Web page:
They may not like rock bands that much and they say that, you know, we're the only band, that sounds like this, that they like, and that's a huge compliment. But really, I think it comes down to the lyrics, and the meaning, and the emotions.

Tobbe: So this is something you guys have that other bands don't?

Jonny: Um, I think it is a differentiating factor. You know, there's a lot of bands that sound a certain way and every once in a while, there are bands who come out and sound radically different. I think Rage Against The Machine was an example. When they came out, there wasn't really anything quite like them, and there's been other bands like that as well.

Nirvana, I think changed the way people listen to music. I think, like us, like we're not so much a distinct new sound, as much as we're a hodgepodge of a variety of influences, and to me it's more about the meaning and the feeling.

Tobbe: When you wrote the music for your last record, your self titled one, what were you looking for? Were you looking for, you know, hooks, melodies, or kind of a little bit of everything?

Jonny: You know, I read a quote the other day that said "Success is just pouring your heart into every inch of whatever you do." and I think that with this record, the whole process was falling in love with every little thing along the way, you know. And when you look at a record and you talk to songwriters, or artists, or producers, you're gonna get a lot of opinions about, you know, "It all comes down to the melodies, the most important thing." or "The lyrics are really important.". You know, they try to bring it down to this one thing that's more important than the rest, and I've heard that a lot.

But when we're making a record, like putting the strings on the guitar, changing the drumhead, or picking out the right microphone, or playing around with a new program that was gonna influence some of the electronic ideas, like every little thing, it's just like falling in love with it and being as excited about that thing as I was about singing the parts, or playing the drums, or recording Mark [Vollelunga] playing his guitar things.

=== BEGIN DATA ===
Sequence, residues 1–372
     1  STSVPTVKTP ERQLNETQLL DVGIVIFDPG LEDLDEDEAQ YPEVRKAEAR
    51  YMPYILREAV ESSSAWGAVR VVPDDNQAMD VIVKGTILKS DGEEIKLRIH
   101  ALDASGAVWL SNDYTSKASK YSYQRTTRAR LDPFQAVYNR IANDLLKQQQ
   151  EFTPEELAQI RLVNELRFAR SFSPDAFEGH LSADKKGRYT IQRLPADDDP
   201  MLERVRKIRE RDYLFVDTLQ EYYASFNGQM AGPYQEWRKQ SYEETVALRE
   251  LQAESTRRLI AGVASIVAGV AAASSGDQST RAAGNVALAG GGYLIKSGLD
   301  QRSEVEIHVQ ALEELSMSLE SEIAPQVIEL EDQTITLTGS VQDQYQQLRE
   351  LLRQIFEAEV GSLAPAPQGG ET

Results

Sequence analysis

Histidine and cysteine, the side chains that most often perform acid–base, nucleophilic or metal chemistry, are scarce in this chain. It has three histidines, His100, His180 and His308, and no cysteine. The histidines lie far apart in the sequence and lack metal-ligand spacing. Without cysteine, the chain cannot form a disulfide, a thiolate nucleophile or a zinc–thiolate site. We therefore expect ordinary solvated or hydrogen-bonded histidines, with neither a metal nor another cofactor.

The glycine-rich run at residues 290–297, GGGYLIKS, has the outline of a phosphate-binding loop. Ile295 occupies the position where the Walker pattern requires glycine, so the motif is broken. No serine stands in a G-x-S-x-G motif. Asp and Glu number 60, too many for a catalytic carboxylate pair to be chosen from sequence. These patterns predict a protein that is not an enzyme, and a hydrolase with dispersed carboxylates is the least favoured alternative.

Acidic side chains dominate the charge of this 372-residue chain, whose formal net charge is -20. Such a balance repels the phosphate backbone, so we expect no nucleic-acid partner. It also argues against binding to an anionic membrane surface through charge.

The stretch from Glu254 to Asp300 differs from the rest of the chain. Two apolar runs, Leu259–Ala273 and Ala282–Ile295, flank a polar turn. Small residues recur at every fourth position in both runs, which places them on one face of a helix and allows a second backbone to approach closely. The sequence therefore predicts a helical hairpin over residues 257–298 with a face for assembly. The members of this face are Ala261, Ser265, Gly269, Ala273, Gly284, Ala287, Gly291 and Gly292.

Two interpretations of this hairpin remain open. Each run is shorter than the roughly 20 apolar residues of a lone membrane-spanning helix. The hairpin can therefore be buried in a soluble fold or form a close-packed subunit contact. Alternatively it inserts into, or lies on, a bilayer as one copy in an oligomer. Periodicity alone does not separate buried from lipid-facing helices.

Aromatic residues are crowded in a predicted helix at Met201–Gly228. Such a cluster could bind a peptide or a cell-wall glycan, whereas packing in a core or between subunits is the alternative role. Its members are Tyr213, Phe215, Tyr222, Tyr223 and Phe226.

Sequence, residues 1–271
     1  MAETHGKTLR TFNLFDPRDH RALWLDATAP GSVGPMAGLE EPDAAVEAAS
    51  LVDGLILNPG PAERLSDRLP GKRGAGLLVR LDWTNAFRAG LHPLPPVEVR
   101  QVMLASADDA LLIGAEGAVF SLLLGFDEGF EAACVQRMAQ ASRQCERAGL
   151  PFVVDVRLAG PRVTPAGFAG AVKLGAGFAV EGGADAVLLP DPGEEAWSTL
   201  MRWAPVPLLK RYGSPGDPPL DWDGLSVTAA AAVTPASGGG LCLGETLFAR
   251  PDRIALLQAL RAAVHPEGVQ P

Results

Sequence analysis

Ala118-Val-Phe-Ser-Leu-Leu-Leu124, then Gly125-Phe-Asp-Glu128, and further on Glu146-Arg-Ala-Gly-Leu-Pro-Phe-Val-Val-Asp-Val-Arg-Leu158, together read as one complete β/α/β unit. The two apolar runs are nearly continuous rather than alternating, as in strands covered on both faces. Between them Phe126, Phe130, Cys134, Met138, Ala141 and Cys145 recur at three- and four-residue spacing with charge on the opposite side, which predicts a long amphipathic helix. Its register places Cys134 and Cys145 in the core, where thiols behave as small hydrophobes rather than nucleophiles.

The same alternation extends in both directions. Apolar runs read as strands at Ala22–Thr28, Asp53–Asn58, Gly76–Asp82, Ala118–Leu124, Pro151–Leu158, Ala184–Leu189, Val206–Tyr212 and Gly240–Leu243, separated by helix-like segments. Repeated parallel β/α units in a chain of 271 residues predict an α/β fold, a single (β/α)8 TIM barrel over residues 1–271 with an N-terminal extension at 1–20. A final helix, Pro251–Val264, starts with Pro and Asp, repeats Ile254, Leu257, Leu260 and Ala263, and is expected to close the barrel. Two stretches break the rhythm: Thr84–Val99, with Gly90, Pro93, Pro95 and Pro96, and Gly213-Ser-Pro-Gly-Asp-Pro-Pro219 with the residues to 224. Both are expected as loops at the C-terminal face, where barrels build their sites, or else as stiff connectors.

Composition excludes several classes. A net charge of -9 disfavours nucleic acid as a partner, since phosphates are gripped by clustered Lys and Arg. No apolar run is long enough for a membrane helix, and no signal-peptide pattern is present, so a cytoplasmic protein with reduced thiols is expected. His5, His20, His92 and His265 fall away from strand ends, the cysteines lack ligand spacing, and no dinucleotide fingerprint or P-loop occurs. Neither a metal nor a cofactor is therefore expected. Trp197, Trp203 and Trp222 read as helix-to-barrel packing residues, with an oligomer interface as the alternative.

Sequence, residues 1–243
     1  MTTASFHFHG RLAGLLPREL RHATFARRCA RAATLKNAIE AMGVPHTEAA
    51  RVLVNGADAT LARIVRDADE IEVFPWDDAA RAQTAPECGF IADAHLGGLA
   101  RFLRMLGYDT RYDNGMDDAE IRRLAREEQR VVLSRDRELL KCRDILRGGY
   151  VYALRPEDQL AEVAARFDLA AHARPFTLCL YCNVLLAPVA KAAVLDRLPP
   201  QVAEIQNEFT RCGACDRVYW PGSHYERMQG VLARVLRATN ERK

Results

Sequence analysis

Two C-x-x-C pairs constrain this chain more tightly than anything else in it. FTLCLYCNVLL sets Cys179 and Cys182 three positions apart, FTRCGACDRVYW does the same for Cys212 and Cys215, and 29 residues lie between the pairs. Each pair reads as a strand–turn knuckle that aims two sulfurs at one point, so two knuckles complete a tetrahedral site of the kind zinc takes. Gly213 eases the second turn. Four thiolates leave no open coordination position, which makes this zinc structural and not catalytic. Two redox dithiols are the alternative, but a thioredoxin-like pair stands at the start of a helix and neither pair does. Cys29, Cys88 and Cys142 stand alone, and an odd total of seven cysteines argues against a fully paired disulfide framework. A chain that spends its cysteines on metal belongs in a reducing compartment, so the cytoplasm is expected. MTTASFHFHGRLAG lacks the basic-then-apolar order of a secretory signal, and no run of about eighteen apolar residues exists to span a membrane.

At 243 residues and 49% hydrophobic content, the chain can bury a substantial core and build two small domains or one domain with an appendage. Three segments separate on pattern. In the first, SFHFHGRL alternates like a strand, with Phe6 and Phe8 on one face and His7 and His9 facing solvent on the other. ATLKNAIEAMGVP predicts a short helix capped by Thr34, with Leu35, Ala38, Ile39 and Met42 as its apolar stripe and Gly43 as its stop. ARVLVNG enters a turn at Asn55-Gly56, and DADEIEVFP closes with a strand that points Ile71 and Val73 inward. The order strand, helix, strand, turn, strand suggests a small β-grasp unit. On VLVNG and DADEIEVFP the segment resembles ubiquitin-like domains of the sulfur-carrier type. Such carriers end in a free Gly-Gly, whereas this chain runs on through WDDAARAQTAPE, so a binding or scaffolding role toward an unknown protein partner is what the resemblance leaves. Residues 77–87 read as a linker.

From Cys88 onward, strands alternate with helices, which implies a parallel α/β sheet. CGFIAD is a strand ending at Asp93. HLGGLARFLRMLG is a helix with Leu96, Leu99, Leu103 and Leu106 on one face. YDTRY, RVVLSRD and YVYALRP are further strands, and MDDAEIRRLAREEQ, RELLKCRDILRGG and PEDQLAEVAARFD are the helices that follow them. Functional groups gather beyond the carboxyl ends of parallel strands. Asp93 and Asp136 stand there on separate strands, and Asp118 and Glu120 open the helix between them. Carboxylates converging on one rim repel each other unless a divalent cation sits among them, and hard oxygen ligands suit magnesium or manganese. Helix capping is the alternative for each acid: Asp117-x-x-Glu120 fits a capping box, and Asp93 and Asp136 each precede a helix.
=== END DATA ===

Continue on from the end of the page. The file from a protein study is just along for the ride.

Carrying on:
That to me was the key and that's why it came out in a way that we're very, very happy with, because it was all the little details. Because the records that I like, years down the road, when you look back, and the ones that last, are the ones that you can hear things on that you didn't hear 10 years before. You know, that were nestled in there. And that's kind of what this one was for us.

Tobbe: How much have your new label, Eleven Seven Music, supported you, so you could start this thing up for real?

Jonny: They've helped a lot. Let me just start with that. They have helped a lot, but they came in after we did this record. We got passed on by pretty much every label. I don't know if Eleven Seven knew who we were at the time. They weren't one of them. But a lot of the major rock labels in the States watched us in New York, in L.A. and passed. So the label came in after we did this record on our own, because we just had to do it on our own, and we did a kickstarter at the time. But when they came onboard, within that year, I mean, we could all feel it.

It was just a different ball game when you have a team of people working to push you. Really, that's why we're over in Europe; when we were negotiating between labels, we were asking a very pointed question, like "Will you support us in going to Europe? You know, on your dime, so we can expand globally? And Japan, and Australia?". And a lot of the labels were very timid about that, but they were like "Yup. We're going international.". Like "We already have bands over there, and we're building.". And we were like "All right. We're going with Eleven Seven.".

Tobbe: So what's with the Ø's in the band name? What do they stand for?

Jonny: It's funny, because over here it's a character in you all's alphabet, right?

Tobbe: Yeah, in Norwegian and in Danish, for example.

Jonny: Oh, so not in Swedish. We did it because; if you look at our record, you see all the symbols. This was kind of a theme that pervaded many of the concepts, whether it's lyrically, musically or visually. We took things that were different and almost opposites and tried to cross them over. All those symbols are math symbols, and we made words with them. For example, one of them, like the upside-down A is a math symbol that means 'for all'.

There is one like the backwards E that means 'there exists'. And they use these in equations to refer to concepts, you know. So we made like a coded message with them, so the O's with the cross through is not the alphabet or the letter; it's the 'null set', the mathematical system, so it's kind of a crossover.